Basically this would allow lower-calorie flavored milk, made with artificial sweetener, to be available called milk. Now, this milk would still have to be labeled as containing aspartame or sucralose or whatever sweetener it uses. FDA’s requirement that these sweeteners be named and listed as ingredients would not change.

The only change would be the product could now be labeled milk.

National Milk Producer’s Federation outlines some more specific questions here.

Part of my brain is thinking, “for real?” All this fuss about something being labeled milk?

The other part of my brain knows how much pride farmers have in their cows and the quality milk they produce, so I think it’s important there are regulations protecting what can and cannot be labeled milk.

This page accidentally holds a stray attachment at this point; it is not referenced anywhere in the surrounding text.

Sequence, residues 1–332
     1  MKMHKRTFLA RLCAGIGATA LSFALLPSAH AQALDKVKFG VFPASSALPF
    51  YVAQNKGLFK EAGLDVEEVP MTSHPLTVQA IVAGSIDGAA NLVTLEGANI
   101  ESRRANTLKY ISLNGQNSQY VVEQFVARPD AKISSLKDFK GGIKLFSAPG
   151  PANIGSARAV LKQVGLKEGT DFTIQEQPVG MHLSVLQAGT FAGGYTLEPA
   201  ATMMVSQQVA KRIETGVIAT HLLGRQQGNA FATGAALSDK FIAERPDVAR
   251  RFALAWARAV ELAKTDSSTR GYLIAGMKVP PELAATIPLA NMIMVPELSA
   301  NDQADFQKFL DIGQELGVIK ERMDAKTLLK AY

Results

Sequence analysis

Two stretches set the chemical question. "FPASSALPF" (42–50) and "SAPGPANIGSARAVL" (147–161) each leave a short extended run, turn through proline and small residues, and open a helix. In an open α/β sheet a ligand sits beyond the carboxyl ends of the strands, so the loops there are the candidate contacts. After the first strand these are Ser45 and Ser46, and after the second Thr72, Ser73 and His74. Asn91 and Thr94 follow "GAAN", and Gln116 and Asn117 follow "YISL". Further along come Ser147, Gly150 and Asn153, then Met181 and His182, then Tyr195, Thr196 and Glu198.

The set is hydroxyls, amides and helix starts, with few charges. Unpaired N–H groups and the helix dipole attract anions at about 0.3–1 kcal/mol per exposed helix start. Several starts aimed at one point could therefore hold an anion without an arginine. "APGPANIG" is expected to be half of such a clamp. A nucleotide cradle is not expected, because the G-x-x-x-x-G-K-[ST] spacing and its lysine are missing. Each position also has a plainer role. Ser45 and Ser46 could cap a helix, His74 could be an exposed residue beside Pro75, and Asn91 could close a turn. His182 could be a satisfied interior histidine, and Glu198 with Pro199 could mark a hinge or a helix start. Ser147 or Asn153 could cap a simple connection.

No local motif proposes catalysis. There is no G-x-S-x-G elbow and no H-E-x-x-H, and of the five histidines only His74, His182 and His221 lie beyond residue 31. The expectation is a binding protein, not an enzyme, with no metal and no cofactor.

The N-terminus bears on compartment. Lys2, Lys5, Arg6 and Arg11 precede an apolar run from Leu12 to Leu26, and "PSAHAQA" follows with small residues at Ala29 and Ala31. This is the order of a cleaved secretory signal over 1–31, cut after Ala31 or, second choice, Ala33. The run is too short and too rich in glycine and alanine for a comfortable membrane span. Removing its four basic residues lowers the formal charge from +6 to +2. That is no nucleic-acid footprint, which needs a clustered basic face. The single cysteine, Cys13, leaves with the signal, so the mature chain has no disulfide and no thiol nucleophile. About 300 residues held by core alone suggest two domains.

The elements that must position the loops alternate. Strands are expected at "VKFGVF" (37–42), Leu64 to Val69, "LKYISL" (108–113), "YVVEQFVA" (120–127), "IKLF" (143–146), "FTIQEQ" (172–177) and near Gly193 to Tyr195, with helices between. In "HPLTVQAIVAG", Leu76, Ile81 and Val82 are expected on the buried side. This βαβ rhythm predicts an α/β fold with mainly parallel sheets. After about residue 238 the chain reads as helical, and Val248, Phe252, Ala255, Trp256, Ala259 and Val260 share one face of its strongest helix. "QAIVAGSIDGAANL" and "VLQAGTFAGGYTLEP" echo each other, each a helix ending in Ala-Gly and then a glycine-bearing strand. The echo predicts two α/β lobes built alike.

(In this instance I know the product in question is still milk, given by a mammal. In contrast to things like soy milk and almond milk which are not milk, but that’s a whole other issue.)

Now comes the opinion part. Would I choose artificially sweetened milk?

Many of you know I’m a huge chocolate milk drinker. I enjoy a glass after most runs, and usually I mix it to a rich brown myself with Hershey’s syrup. I need those calories. ๐Ÿ™‚

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Honestly, most days I am more worried about filling myself up with enough calories to fuel my running and farm work than I am about cutting calories. I’m also not a big fan of artificial sweeteners.

But…

I also know there are millions of diet soda pops consumed everyday that contain aspartame and have no nutritional value. I’d rather people get some calcium and protein from milk along with artificial sweetener than continue drinking endless quantities of diet coke. Wishful thinking I suppose.